• Alan Smith

    The spark coil takes a measured 10watts of drive current. if we assume 50% efficiency and that the arc-length between electrodes allows the developed voltage to actually reach 100kV then the instantaneous arc current of 5 watts = 0.2mA.

  • Alan DeAngelis

    Déjà vu:
    The Cockcroft-Walton accelerator.
    http://www.fnal.gov/pub/news04/shutdownreport1_clip_image008.jpg

    • Frechette

      Looks to me like this setup could generate X-rays. Safety is definitely a concern.

      • Alan Smith

        Well, no X-rays yet from runs with heat and sparks – but no fuel yet. Video coming.

        • Frechette

          Sorry for the confusion. I was referring to the Cockcroft-Walton accelerator illustrated by Alan DeAngelis

  • Skeptic

    I think it’s just fantastic. As socialist I believe in the “power to the people” principle. Creating world wide community of home grown LENR researches its a very good development.

    Perhaps LENR could grow similar to open source software development, Some kind of GPL license for reactors designs

    • Mike Rion

      Dream on.

  • Skeptic

    I think it’s just fantastic. As socialist I believe in the “power to the people” principle. Creating world wide community of home grown LENR researches its a very good development.

    Perhaps LENR could grow similar to open source software development, Some kind of GPL license for reactors designs

    • Mike Rion

      Dream on.

  • Zephir

    Defkalion also used sparkplug in its reactor for initiation of reaction, but I think it’s better to send corona discharge directly into the sample. If nothing else, it would implant the ions beneath surface of nickel and accelerate its saturation with hydrogen. It requires to
    rectify the HF discharge at least partially with high voltage diode. After all, the electric field intensity ceases fast with distance from spark. These guys manage 30.000 V each…
    http://www.ebay.com/itm/4-pcs-HVR-300-30KV-30mA-High-Voltage-Diode-HV-Rectifier-Tesla-Ham-/272191661616

    This cheap module can be used for powering of primary winding of high power transformer. It runs at 160 – 200 kHz by default
    http://www.banggood.com/5V-12V-ZVS-Induction-Heating-Power-Supply-Module-With-Coil-p-1015637.html

    This cheap ozonizer is ready made, it runs at lower energy but the output voltage is high enough
    http://www.banggood.com/AC220V-500mg-Ozone-Generator-Ozone-Water-Air-Clean-Sterilizer-Ozonizer-Purifier-DIY-p-1053320.html

  • Alan Smith

    Well, no X-rays yet from runs with heat and sparks – but no fuel yet. Video coming.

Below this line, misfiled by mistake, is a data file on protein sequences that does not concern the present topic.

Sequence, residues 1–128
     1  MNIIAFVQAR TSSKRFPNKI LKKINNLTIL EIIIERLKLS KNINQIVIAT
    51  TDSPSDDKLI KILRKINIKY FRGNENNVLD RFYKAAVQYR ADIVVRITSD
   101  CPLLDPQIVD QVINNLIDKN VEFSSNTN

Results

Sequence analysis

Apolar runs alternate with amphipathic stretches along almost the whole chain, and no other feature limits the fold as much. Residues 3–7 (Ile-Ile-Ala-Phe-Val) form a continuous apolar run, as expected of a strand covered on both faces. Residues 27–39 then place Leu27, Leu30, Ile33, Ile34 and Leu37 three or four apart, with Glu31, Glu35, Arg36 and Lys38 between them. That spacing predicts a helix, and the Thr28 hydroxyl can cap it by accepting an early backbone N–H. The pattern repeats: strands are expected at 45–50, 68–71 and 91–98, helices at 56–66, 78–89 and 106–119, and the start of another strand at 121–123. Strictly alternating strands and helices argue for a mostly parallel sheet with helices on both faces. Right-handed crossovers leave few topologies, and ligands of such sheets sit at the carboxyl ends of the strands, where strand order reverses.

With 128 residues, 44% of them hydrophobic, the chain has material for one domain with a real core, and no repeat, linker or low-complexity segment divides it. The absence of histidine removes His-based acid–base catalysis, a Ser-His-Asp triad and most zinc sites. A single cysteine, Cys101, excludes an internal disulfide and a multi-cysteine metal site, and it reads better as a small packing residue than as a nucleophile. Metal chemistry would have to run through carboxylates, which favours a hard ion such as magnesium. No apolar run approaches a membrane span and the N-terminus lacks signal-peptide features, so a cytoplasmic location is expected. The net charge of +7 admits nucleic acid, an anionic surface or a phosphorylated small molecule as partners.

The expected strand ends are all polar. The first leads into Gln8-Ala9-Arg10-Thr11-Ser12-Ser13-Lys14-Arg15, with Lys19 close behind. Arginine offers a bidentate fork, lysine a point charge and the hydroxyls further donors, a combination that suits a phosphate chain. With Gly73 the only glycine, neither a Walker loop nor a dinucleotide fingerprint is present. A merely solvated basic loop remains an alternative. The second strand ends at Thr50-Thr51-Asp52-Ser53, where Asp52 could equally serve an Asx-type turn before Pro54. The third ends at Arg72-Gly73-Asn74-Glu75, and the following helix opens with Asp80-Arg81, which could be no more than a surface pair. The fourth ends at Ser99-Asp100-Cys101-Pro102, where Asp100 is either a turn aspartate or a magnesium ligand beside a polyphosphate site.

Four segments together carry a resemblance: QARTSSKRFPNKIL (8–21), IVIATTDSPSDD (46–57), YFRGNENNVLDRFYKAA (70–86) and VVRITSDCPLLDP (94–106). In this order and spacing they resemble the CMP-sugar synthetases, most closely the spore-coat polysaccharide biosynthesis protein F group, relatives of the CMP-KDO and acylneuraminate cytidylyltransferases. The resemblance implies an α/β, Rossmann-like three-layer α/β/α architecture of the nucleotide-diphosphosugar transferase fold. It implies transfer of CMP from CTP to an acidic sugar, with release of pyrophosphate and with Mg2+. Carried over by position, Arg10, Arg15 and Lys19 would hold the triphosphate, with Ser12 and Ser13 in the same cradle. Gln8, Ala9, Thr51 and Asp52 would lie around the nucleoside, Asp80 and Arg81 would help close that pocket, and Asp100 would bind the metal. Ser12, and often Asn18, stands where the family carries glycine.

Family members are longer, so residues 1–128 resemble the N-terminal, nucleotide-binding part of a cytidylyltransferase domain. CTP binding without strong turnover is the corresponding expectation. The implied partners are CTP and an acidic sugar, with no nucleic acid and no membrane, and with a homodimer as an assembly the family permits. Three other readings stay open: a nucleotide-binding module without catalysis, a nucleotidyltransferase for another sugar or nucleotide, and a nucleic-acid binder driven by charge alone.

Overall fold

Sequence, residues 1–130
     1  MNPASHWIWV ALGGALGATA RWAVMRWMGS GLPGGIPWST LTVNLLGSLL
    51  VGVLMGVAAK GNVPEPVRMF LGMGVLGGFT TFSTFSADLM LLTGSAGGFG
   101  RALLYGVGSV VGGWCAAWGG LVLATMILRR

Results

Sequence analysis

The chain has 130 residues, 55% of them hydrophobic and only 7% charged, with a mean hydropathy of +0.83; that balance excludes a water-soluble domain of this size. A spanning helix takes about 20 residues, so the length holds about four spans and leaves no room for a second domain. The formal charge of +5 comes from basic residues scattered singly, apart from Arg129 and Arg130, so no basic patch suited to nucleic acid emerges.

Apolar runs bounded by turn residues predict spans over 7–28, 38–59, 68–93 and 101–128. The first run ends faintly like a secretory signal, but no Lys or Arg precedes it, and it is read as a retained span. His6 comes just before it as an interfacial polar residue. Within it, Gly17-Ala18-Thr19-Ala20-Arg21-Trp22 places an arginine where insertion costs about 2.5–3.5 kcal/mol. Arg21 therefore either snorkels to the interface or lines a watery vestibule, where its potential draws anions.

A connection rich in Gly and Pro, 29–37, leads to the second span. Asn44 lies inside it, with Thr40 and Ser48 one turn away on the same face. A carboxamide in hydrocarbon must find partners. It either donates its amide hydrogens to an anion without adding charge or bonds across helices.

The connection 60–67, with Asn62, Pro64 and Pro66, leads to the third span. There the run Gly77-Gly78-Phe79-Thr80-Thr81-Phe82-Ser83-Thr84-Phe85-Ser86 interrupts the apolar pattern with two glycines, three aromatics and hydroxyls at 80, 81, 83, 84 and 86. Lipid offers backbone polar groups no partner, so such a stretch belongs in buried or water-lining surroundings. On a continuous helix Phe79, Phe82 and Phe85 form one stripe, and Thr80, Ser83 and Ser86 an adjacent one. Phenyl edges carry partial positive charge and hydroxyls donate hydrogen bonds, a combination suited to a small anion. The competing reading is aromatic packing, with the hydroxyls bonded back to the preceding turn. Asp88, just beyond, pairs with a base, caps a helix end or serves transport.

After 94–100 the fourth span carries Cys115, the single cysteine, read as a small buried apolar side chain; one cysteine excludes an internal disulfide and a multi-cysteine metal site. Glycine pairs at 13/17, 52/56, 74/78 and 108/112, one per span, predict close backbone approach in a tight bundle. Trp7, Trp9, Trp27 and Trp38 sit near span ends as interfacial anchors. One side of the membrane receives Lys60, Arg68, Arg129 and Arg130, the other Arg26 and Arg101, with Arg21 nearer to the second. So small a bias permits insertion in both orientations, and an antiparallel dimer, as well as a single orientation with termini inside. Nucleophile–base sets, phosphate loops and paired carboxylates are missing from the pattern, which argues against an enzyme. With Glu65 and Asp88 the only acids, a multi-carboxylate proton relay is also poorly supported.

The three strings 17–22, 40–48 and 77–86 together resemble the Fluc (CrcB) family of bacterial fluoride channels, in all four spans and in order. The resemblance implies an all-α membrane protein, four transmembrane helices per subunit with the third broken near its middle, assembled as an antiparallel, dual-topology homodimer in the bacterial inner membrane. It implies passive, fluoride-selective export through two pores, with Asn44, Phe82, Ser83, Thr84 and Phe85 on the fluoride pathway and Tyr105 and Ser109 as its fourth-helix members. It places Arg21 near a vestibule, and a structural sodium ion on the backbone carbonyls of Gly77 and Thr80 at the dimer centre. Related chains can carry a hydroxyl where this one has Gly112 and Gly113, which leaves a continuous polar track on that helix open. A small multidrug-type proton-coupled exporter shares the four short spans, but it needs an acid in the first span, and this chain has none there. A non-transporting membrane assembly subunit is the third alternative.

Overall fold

• Jas

    Love your choice of background music, Alan.
    Takes me back to the 1970’s and Tony Hart.
    Wish you well in your endevours!

    https://youtu.be/nCI5ig9QawU

  • Alan Smith
    • Alan Smith

      This is obviously a different kind of reactor to the standard ‘dogbone’ type. We have good reason to believe that it marks the beginning of a promising new direction for our research effort. Of course, like any new approach it brings new problems. The biggest problem at the moment is to devise a reliable method of measuring the temperature inside the reactor. An IR thermographic camera is one method, but we welcome comments and suggestions from viewers as to methods.

      We were recently asked about donations. The best way to support our work is to buy a LENR Test Kit, but we understand that LENR research is not for everyone so if you want to support our work without placing an order it is possible to directly transfer funding usingPayPal. It is not impossible that we might launch a Kickstarter at some point – to enable us to fund more advanced experiments and also (perhaps) to assist other independent LENR researchers.

      Interesting to note btw, that although there is only 20cms (8″) between reactor and Geiger counter, the Geiger stays rock-steady throughout the spark runs. No EMI effects (yet!)

  • Alan Smith
    • Alan Smith

      This is obviously a different kind of reactor to the standard ‘dogbone’ type. We have good reason to believe that it marks the beginning of a promising new direction for our research effort. Of course, like any new approach it brings new problems. The biggest problem at the moment is to devise a reliable method of measuring the temperature inside the reactor. An IR thermographic camera is one method, but we welcome comments and suggestions from viewers as to methods.

      We were recently asked about donations. The best way to support our work is to buy a LENR Test Kit, but we understand that LENR research is not for everyone so if you want to support our work without placing an order it is possible to directly transfer funding usingPayPal. It is not impossible that we might launch a Kickstarter at some point – to enable us to fund more advanced experiments and also (perhaps) to assist other independent LENR researchers.